All the controls necessary to set up the Theater Grand are on the touchscreen learning remote. Large, hefty, and easy to hold, the remote can control up to seven components aside from the processor itself. To keep the screen clutter-free, you can even delete controls you know you won’t need. The virtual buttons are big, intuitively arranged, and easy to find even in the dark, thanks to the green backlighting that comes on briefly when you touch the screen. The remote doesn’t have a code library, but it took me less than 15 minutes to program it with all the commands for my other components.

The Sunfire-designed tuner locked in a variety of weak signals even with the supplied wire antenna. The widely variable quality of broadcasts in the New York City area made judging sound quality a challenge, but on the strongest FM signals the TG II delivered everything you’d expect from a first-rate tuner.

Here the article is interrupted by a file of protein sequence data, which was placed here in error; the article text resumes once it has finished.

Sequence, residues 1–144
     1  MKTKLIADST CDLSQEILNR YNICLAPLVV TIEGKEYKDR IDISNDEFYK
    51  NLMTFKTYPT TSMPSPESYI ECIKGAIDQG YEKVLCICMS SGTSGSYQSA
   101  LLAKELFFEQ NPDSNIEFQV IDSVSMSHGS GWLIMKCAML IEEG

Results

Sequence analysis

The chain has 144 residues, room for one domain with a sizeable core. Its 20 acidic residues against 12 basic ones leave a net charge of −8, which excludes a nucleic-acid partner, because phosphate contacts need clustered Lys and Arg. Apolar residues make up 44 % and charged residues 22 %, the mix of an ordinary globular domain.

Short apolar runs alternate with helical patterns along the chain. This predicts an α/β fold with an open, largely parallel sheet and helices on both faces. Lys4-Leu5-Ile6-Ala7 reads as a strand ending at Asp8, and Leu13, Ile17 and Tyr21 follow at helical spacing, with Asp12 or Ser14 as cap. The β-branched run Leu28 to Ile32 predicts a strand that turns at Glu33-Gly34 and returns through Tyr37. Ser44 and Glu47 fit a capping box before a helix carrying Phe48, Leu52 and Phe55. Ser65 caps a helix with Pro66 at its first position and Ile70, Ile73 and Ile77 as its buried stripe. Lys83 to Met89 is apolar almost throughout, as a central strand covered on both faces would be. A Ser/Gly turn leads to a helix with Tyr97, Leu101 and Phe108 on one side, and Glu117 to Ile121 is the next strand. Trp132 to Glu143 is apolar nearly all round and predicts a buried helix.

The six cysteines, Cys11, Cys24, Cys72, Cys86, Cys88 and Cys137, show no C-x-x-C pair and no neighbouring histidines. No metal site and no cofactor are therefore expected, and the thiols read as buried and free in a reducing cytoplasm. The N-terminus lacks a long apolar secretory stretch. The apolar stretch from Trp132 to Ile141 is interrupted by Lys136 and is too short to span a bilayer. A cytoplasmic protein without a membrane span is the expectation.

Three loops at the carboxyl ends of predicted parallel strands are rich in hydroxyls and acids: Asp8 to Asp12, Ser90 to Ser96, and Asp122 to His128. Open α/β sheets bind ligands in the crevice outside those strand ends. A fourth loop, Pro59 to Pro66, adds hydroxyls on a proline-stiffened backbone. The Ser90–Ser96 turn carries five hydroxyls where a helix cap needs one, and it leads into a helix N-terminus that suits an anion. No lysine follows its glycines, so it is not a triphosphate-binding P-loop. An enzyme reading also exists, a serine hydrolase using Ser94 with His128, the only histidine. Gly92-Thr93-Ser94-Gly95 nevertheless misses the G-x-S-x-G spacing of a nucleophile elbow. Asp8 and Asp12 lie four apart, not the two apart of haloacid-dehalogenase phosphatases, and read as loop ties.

The Theater Grand doesn’t have as many ambience modes as most flagship receivers just Dolby 3 Stereo, Jazz Club, Stadium, Cathedral, Party 4, and Party 5 but I don’t consider that a great loss.

Carver’s Holographic Image processing is another matter entirely. Using out-of-phase crosstalk signals to lessen the blurring that can occur when sounds from the left speaker reach your right ear, and vice versa, this two-channel mode is meant to place the instruments more precisely on a broader, more open soundstage. It delivered as promised on almost every recording I played using it, and it was especially effective (not surprisingly) on jazz and classical recordings that had realistic soundstages to begin with. The results varied much more widely (again, not surprisingly) on rock recordings, although it never made anything sound out-and-out bad.